Yes, you can write your way to a happy retirement. I know, not because I read it somewhere, but because I lived it. More correctly, I am living it. You see The Best Is Yet To Be began with journals or blogs, like this one.
Those of you who have read my book know how it all started—with me on the floor, hopeless and clueless about this thing called retirement—this thing everyone seems to want.
Until they don’t. Until they lack either the funds or passion or both to make the dream work. That is, if they have a dream.
Which points to the thesis of my book. The retirement crisis in America is primarily a crisis of hope, and hope comes from dreams.
But what if you don’t know what your dreams are?
That’s where writing comes in. Holocaust survivor-turned-essayist Elie Wiesel wrote, “I write in order to understand as much as to be understood.” Playwright Edward Albee added, “I write to find out what I’m thinking about.” Writing teachers call it “writing to learn.”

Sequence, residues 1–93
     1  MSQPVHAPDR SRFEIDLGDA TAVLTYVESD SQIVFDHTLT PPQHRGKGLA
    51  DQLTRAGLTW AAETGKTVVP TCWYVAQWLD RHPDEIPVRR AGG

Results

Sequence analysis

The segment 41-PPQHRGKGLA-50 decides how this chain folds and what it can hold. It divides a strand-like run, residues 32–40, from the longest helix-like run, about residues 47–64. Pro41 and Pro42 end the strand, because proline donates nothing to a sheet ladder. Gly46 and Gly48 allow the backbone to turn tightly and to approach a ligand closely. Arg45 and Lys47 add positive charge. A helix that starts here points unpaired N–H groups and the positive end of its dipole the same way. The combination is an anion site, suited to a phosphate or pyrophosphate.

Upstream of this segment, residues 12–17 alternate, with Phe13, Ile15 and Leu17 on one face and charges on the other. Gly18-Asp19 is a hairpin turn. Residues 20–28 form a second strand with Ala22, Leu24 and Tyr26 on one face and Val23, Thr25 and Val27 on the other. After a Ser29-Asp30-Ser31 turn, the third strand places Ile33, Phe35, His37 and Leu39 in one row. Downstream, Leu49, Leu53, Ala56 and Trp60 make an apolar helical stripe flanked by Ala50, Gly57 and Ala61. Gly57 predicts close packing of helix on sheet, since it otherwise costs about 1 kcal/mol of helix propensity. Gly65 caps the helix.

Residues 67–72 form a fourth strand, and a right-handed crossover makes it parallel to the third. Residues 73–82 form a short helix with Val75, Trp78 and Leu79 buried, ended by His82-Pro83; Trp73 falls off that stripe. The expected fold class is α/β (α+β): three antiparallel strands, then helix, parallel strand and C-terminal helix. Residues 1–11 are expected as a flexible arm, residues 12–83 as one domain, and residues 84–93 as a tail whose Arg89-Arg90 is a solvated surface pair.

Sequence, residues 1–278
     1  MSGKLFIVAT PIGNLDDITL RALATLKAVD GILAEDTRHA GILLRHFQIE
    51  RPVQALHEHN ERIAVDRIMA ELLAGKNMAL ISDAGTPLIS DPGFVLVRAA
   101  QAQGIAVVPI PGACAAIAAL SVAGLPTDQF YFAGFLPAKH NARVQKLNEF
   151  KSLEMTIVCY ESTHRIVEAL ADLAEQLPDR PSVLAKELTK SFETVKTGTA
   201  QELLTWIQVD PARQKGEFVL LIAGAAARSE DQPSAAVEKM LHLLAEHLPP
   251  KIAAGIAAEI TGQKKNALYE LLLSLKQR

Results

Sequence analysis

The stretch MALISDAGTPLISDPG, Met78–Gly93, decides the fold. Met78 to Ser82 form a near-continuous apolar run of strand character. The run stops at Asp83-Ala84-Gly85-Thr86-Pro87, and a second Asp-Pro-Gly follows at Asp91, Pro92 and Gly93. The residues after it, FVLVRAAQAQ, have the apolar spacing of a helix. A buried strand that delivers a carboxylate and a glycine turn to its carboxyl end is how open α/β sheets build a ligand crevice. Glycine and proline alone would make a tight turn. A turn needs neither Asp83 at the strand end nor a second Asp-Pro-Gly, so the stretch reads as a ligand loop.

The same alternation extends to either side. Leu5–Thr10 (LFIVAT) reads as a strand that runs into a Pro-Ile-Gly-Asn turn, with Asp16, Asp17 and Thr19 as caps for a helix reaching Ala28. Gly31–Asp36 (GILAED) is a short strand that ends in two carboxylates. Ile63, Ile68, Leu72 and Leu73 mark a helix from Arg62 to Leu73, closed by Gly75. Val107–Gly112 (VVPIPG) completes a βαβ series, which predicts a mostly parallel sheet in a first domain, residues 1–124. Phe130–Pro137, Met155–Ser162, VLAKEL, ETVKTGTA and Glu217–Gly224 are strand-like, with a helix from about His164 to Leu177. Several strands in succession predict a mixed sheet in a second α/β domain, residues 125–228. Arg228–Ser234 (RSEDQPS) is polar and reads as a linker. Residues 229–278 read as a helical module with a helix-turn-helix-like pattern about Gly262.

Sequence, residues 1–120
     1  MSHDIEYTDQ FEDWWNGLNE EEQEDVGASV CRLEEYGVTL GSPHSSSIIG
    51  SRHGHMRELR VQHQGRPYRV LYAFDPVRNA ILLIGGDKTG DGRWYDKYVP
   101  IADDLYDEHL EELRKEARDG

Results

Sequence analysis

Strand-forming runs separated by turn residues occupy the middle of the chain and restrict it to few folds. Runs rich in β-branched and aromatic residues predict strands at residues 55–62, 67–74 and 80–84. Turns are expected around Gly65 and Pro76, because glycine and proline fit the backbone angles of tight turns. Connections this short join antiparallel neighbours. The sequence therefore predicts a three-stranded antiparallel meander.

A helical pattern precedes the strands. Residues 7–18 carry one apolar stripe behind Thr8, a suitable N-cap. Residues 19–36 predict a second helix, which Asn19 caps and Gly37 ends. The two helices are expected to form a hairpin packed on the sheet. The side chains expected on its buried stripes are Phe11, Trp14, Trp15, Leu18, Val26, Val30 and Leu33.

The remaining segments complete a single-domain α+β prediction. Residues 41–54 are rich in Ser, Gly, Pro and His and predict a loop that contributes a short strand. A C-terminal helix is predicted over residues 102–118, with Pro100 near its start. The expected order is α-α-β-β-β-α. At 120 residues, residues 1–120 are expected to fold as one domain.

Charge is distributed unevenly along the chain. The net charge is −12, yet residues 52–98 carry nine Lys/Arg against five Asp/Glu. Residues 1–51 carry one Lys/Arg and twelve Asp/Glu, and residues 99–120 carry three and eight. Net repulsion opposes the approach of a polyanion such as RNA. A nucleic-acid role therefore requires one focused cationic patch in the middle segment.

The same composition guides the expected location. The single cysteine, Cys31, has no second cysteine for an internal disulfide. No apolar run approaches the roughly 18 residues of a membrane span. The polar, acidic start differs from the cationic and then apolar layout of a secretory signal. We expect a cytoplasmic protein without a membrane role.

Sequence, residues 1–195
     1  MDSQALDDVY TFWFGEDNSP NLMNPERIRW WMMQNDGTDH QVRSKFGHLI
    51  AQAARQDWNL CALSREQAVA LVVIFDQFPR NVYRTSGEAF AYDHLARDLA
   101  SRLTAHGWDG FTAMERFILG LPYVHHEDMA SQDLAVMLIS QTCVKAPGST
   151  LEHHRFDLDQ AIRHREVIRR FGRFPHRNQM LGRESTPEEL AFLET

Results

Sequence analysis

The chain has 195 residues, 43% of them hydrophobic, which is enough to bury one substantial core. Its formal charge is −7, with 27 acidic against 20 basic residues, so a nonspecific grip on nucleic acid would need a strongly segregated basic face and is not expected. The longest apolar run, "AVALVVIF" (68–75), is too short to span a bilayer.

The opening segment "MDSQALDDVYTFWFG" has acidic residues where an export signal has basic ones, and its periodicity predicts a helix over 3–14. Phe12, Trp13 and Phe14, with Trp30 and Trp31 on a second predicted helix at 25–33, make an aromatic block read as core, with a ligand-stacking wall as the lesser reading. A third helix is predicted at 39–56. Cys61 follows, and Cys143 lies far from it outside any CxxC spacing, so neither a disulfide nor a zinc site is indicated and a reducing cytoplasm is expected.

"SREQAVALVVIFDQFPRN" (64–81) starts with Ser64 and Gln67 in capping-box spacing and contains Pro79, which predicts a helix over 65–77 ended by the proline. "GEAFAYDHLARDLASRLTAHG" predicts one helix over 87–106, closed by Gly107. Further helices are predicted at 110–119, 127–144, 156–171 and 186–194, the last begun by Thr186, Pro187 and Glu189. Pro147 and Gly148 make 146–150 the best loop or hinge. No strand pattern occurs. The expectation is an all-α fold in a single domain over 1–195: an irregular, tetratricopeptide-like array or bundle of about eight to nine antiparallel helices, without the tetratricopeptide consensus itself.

There is a power in writing things down. We both see new things and gain new perspective on old things. We can discover, or more likely, rediscover our dreams. And dreaming dreams is the first step in dreams-come-true.
Which is why I’ve written The Best Is Yet To Be Journal. Because the most important story you (my readers) will read on retirement is not the one I wrote, but the one you will write, the one that will shape you, as you shape it.
And I could use your help on this one. I need some first-readers to test my writing prompts to see if they do what I’m hoping for (get you to envision and plan your retirement dreams). Anyway, if you’re interested, message me on FB or email (email@example.com).
And, in case I haven’t said it lately, thank you. Thank you for sharing this journey with me, hopefully, gaining encouragement from me as I do from you.